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Braeburn apples are a small to medium-sized varietal, averaging 6 to 7 centimeters in diameter, and have a round to conical appearance with flat shoulders, a broad middle, and a slightly tapered base. Some apples showcase slanted shoulders and ribbing, and the fruits have semi-thick, fibrous, light-brown stems. The apple's skin is thin but tough, able to resist most bruising, and the surface is relatively matte with a yellow-green base hue covered in large patches of red-pink blush and striping. The saturation of the blush will vary depending on the region and environment in which the apples are grown. Some parts of the blush and striping will be more translucent, allowing the yellow base color to shine through the red, creating an orange hue. Underneath the skin, the ivory to cream-colored flesh is firm, coarse-grained, and aqueous with a crisp and crunchy consistency, snapping clean with each bite. The flesh also encases a large central core filled with tiny dark brown seeds. Braeburn apples are aromatic, and the complex flavoring rushes over the senses when consumed. The variety has balanced sugar and acidity levels, creating a refreshing, sweet, and sharp taste without feeling sugary or overly tart. Braeburn apples also have a rich, cider-like undertone with cinnamon, nutmeg, pears, and citrus notes.
Braeburn apples are grown in the southern and northern hemispheres, providing year-round availability in some markets. The variety is harvested in the late fall through spring and can be kept in professional cold storage for up to eight months.
Braeburn apples, botanically classified as Malus domestica, are a New Zealand variety belonging to the Rosaceae family. The cultivar was discovered growing as a chance seedling in the mid-20th century and was selected for commercial production for its complex and rich flavor. Braeburn apples were one of the first bi-colored apples to become popular in modern commercial markets. During the time of their release, most apples were either solid red or green, and Braeburn's bi-colored nature marked a new era within the apple industry. Growers favor Braeburn apples for their high yields, self-fertile nature, ease of cultivation, extended storage traits, and ability to be shipped without damage. The variety is not genetically modified and was developed through natural mutations. In the late 20th century, Braeburn apples were one of the top commercially produced apple varieties, favored for their rich, balanced flavor reminiscent of heirloom varieties that had disappeared from markets. Despite their global popularity, Braeburn apples were eventually overshadowed by newer, improved cultivars that were less susceptible to disease. The variety also struggled with too much flavor variation as it was being mass-produced worldwide without regulations to control sugar and acidity levels. In modern-day markets, Braeburn apples are still commercially produced on a smaller scale and are sold as an all-purpose cultivar, able to be utilized in fresh or cooked preparations.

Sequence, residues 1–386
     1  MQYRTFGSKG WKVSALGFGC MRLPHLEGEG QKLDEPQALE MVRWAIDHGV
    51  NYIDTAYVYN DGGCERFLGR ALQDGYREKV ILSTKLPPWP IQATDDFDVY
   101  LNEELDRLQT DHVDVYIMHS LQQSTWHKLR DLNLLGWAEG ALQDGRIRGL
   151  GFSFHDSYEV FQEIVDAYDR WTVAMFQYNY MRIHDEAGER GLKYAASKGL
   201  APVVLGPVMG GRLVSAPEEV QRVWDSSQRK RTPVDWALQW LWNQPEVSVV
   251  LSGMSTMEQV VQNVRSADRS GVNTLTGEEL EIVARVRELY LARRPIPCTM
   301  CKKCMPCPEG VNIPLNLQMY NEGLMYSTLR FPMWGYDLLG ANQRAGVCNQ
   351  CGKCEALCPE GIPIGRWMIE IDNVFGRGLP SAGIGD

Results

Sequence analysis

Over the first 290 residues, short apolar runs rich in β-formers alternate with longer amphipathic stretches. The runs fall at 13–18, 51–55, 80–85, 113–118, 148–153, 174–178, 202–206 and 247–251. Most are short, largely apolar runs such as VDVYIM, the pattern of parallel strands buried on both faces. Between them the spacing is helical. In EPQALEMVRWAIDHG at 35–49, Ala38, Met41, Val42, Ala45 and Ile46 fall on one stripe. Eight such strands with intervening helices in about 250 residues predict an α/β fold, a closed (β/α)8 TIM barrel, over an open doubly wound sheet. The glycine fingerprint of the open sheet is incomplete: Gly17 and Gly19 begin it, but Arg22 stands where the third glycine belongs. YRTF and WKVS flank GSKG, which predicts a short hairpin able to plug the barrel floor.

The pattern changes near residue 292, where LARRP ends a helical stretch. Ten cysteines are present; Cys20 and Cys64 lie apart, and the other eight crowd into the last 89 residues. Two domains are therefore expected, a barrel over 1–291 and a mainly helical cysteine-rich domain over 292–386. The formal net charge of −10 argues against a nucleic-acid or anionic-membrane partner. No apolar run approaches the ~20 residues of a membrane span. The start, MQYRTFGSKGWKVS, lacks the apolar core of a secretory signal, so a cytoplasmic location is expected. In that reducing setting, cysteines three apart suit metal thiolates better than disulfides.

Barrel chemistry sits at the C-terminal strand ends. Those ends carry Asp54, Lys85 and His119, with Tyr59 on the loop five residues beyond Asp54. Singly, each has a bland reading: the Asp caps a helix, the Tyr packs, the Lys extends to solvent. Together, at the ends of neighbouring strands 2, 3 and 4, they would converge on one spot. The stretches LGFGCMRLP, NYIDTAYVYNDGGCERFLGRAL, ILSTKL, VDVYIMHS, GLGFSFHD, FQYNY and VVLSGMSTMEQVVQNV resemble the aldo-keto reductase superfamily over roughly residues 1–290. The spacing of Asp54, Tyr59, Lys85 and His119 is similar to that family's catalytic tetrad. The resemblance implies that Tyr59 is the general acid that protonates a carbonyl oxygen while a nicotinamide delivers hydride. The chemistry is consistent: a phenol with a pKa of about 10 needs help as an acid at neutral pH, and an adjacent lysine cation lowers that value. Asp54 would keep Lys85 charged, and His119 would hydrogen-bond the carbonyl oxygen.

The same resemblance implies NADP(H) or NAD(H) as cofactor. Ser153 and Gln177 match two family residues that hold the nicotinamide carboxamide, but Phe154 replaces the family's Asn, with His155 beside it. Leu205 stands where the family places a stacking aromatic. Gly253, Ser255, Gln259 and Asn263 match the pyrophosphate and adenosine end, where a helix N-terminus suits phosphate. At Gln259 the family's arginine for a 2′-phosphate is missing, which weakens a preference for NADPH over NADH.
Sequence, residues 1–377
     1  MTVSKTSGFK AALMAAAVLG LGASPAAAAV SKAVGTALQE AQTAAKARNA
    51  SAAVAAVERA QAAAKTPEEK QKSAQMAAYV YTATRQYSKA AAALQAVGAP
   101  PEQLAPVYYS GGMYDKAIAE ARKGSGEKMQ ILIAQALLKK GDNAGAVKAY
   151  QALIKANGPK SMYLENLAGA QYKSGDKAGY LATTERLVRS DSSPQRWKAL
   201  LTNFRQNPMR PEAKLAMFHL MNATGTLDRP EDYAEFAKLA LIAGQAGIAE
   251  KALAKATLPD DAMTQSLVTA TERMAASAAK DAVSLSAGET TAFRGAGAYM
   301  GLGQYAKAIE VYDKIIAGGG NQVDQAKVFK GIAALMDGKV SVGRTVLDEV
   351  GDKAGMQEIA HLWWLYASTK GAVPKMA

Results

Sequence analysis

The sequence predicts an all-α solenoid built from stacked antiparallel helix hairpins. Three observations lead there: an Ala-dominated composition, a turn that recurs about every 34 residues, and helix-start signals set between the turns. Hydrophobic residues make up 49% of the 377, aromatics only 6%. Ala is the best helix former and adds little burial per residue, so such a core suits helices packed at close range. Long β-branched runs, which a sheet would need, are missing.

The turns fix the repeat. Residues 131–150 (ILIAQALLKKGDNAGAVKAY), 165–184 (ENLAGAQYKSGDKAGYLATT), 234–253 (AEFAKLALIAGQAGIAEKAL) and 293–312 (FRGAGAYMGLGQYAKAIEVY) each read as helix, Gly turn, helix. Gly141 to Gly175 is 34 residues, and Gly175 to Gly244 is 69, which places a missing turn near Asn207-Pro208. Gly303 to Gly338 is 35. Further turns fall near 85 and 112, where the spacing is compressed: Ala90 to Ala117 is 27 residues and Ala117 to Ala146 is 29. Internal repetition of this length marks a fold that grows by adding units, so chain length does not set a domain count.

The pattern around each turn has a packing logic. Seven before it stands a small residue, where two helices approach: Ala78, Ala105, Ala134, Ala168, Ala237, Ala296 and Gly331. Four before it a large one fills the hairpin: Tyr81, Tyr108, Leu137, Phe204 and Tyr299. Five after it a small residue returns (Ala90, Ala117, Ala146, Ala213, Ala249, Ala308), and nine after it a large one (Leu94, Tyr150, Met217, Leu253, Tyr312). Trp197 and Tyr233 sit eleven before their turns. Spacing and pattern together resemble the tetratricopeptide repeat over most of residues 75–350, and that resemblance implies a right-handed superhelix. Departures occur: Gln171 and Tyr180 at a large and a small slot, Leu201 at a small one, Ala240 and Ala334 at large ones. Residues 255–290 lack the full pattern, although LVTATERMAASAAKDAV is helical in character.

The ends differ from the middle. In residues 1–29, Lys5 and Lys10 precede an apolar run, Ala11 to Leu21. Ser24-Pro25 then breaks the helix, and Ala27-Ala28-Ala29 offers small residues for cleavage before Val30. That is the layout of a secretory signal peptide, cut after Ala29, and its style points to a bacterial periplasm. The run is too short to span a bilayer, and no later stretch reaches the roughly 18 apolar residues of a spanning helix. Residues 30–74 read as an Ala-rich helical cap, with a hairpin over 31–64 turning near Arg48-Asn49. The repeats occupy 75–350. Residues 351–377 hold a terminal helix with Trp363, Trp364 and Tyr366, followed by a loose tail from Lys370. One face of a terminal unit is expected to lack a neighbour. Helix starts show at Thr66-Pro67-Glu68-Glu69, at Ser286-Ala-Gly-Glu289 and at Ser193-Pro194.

Braeburn apples are a source of fiber to regulate the digestive tract, potassium to balance fluid levels within the body, and calcium to build strong bones and teeth. The apples also provide vitamin C to strengthen the immune system, vitamin A to maintain healthy organ functioning, vitamin E to reduce inflammation, and other nutrients, including copper, zinc, magnesium, manganese, and phosphorus. The apple's red blush is a sign of anthocyanins, natural pigments within the skin with antioxidant-like properties to protect the cells against free radical damage and oxidative stress.